© 2016 Rex Jaeschke. All rights reserved.
In Part 5, we looked at adjectives. This time, we'll look at verbs. According to Wikipedia, a verb (abbrev. v. or vb.) is "a word that … conveys an action (bring, read, walk, run, learn), an occurrence (happen, become), or a state of being (be, exist, stand)."
The Infinitive Verb Form
All verbs have numerous forms (called conjugations, which we'll cover later) that indicate a number, person, and tense; for example, swim, swims, and swam. However, a verb typically appears in a dictionary only in its infinitive form (that is, present-tense, first-person, singular), which in this case, is swim.
In grammatical contexts, verbs are often prefixed with "to", as in to bring, to happen, and to be; however, the prefix—which itself is a particle—is not part of the dictionary entry. That said, we can use the prefix in regular speech: "I want to eat lunch.", "She declined to go with him.", and "They didn't know what to do."
In some languages (but not English), verbs in the infinitive end in a regular pattern. For example, most German verbs end in -en, with a few ending in -eln or -ern. Spanish verbs end in -ar, -er, or -ir. In French, they typically end in -re, -er, oir, or -ir.
A controversial topic is the split infinitive. Splitting an infinitive involves putting an adverb or adverbial phrase between the infinitive form of a verb and its prefix "to", as in "The cost is expected to rapidly increase over time." As we can see, the word rapidly splits the infinitive to increase. Likewise for, "I want to once again say …". Some purists consider such splits to be intolerable interruptions.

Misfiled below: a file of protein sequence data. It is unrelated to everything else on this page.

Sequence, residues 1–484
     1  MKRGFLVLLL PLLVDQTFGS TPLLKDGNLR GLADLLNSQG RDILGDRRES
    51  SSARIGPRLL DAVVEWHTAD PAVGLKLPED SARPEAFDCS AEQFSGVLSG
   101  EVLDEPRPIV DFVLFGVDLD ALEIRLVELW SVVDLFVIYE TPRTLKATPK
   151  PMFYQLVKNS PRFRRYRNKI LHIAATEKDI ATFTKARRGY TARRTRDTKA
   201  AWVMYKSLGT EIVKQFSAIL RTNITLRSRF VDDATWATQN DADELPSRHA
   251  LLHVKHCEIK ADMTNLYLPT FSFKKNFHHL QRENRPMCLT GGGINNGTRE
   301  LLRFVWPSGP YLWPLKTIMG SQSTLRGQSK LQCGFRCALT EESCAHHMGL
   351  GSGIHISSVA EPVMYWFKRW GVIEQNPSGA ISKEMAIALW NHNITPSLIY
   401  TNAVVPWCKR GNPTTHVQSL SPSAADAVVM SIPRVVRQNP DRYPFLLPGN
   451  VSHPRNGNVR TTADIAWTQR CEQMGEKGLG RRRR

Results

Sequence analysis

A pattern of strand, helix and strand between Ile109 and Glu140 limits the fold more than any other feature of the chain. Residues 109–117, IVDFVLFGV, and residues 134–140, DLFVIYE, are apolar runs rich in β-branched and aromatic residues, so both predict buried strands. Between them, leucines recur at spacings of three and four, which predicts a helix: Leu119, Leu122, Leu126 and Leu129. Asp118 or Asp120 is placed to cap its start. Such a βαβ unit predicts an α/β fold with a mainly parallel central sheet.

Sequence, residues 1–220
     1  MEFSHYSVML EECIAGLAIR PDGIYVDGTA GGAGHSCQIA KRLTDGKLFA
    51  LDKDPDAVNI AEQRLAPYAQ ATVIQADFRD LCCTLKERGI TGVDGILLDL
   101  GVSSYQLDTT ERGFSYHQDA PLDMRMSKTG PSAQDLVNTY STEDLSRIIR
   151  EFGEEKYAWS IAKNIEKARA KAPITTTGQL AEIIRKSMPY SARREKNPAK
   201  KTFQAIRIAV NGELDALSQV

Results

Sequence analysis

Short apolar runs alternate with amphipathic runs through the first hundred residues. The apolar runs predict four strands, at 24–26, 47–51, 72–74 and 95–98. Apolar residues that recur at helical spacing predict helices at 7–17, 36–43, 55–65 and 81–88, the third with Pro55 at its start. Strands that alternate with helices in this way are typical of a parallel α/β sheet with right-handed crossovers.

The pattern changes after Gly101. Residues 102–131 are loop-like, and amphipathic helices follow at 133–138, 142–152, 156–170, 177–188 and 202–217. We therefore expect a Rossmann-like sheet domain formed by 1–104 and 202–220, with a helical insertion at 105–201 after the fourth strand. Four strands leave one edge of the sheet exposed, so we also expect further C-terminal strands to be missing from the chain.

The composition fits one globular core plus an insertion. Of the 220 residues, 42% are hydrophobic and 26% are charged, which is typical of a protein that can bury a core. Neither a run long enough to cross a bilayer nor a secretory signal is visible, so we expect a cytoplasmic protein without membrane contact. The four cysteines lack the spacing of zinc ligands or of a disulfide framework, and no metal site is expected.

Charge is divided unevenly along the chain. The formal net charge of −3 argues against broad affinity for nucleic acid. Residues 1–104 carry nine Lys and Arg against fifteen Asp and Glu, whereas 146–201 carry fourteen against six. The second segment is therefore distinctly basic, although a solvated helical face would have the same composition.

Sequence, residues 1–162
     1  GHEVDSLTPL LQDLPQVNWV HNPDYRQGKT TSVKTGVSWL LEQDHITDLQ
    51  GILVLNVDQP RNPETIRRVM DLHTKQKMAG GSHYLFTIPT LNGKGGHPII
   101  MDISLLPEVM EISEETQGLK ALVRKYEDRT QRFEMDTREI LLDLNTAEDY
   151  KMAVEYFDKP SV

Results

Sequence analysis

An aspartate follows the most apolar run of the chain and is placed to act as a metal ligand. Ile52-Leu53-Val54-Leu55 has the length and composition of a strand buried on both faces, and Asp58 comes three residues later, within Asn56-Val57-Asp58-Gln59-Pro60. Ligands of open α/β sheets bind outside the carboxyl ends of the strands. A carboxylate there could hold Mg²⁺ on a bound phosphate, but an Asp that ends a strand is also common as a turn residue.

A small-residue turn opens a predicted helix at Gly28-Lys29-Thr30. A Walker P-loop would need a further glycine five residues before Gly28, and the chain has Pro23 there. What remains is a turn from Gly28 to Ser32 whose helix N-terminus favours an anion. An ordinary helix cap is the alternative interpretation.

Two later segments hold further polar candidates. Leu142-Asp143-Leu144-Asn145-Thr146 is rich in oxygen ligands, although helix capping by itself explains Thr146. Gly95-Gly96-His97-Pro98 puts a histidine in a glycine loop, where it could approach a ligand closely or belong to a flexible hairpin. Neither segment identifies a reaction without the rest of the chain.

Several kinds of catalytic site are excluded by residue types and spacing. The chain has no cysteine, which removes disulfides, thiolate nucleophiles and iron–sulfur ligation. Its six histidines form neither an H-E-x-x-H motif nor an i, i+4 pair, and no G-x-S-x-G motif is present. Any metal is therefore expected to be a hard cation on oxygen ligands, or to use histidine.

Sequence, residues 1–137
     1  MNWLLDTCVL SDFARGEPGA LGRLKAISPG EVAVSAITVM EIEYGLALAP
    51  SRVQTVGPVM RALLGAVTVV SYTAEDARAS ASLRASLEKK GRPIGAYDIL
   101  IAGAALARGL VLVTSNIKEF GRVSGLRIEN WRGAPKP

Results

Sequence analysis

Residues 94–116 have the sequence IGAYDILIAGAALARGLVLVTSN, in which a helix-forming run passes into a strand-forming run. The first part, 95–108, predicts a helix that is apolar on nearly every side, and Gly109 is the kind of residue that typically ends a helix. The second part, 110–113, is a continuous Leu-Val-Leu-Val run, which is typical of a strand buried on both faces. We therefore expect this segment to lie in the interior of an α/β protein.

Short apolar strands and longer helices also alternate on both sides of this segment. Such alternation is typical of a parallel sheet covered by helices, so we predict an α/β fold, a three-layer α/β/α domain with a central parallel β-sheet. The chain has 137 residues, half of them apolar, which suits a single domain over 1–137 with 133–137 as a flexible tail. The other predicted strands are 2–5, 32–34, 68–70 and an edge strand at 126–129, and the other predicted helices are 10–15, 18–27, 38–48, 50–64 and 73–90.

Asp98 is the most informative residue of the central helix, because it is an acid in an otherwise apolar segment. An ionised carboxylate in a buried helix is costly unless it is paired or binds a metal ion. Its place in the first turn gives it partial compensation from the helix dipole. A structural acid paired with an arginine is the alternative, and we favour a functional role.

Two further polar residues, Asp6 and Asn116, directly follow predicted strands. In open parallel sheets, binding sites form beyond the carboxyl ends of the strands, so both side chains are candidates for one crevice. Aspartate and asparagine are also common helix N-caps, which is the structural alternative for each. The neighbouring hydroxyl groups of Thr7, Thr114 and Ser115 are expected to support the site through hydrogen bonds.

According to Wikipedia, 'In the 19th century, some grammatical authorities sought to introduce a prescriptive rule against it [splitting infinitives]. The construction is still the subject of disagreement: "No other grammatical issue has so divided English speakers since the split infinitive was declared to be a solecism in the 19c [19th century]: raise the subject of English usage in any conversation today and it is sure to be mentioned." Most modern English usage guides have dropped the objection to the split infinitive.'
From Patricia T. O'Conner's Woe is I (an eminently readable book on English grammar, and one I highly recommend), 'Sometimes, rewriting a sentence to avoid a "split" makes it ridiculous. Try rearranging the words in this example: "He threatened to more than double her rent."'
Note that Microsoft Word has an option to detect split infinitives consisting of two or more words, but not just one.
As an intransitive verb stands alone, it needs no direct object, although it can be followed by an adverb. For example: "I run", "He walked slowly", and "They smiled".
As a transitive verb needs something on which to operate, it requires a noun (such as a direct object) or noun phrase (which might also include an indirect object). For example: "I drink milk", "We built a snowman", and "They gave the money to the salesman".
Some verbs can be used in both transitive and intransitive forms, as in "I smell" and "I smell the sea". In the case of "I smell", one could argue that is ambiguous, as it could mean "I can and do smell with my nose" or "I stink". Similarly, "I count" could mean, "I can and do count numbers" or "I matter". Hopefully, the meaning is clear based on the context of the conversation.